Trib+Edu: Why is intervention limited in high school?
Reutebuch: There is sort of a pervasive view that teaching reading changes. In elementary and middle school, it is more acceptable to target learning to read. But by high school, the expectation is that students do read, even though that is not always the case, or just don’t read as well as they need to to be successful. That is particularly true for individuals who are in high school and have autism, because of the focus on the other core deficit areas.
Academics, which is greatly impacted by the ability to comprehend, is often overlooked or not as big of an area of focus, as the other areas. This research sort of looks at packaging things together so that one area, like academics, isn’t more important than other areas, like transition or family issues, independence and behavior, or social competence. This is the idea that these strong deficient areas for autism, by providing a package that targets all those various areas, we are more likely to make bigger gains, which are greatly needed in high school. High school is often an individual's last chance to receive any kind of formalized instruction or education.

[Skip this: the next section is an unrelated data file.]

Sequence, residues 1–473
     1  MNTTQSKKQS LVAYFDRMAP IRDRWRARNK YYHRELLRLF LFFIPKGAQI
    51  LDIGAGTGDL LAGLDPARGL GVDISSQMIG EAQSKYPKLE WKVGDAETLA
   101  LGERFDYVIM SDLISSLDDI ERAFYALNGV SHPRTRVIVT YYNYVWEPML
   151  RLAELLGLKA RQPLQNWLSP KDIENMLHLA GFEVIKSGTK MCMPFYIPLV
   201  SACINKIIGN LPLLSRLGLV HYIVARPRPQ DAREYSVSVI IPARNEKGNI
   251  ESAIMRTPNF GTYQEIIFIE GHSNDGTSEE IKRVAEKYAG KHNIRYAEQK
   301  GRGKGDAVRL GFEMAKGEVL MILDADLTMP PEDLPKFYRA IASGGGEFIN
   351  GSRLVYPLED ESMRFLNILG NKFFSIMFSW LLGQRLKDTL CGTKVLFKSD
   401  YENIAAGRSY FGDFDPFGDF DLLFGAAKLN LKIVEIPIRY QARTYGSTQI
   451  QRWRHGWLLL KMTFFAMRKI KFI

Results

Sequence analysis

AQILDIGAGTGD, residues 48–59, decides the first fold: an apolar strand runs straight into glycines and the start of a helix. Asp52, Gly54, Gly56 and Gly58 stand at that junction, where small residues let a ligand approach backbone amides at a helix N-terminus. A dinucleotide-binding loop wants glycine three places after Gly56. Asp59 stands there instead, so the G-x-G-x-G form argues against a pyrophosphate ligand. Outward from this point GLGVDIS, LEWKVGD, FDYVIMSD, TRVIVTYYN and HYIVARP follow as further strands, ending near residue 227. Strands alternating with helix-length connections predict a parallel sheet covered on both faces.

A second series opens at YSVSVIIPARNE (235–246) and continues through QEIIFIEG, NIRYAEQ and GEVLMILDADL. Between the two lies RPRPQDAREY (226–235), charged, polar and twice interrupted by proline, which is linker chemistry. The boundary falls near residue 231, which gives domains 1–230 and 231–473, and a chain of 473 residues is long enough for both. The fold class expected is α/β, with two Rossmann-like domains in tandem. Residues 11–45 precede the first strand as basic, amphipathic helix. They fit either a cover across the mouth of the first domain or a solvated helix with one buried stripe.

Trib+Edu: So in your research, are you first evaluating the environment students with autism encounter, and then building a teaching program to improve it?
Reutebuch: Right. What we did was across all the various institutes that are involved in this center is conduct focus groups, with stakeholders like parents, educators, administrators, community members, students with and without autism, to get their perspective on what was going on in high school. We look at what was working and what areas could use improvement.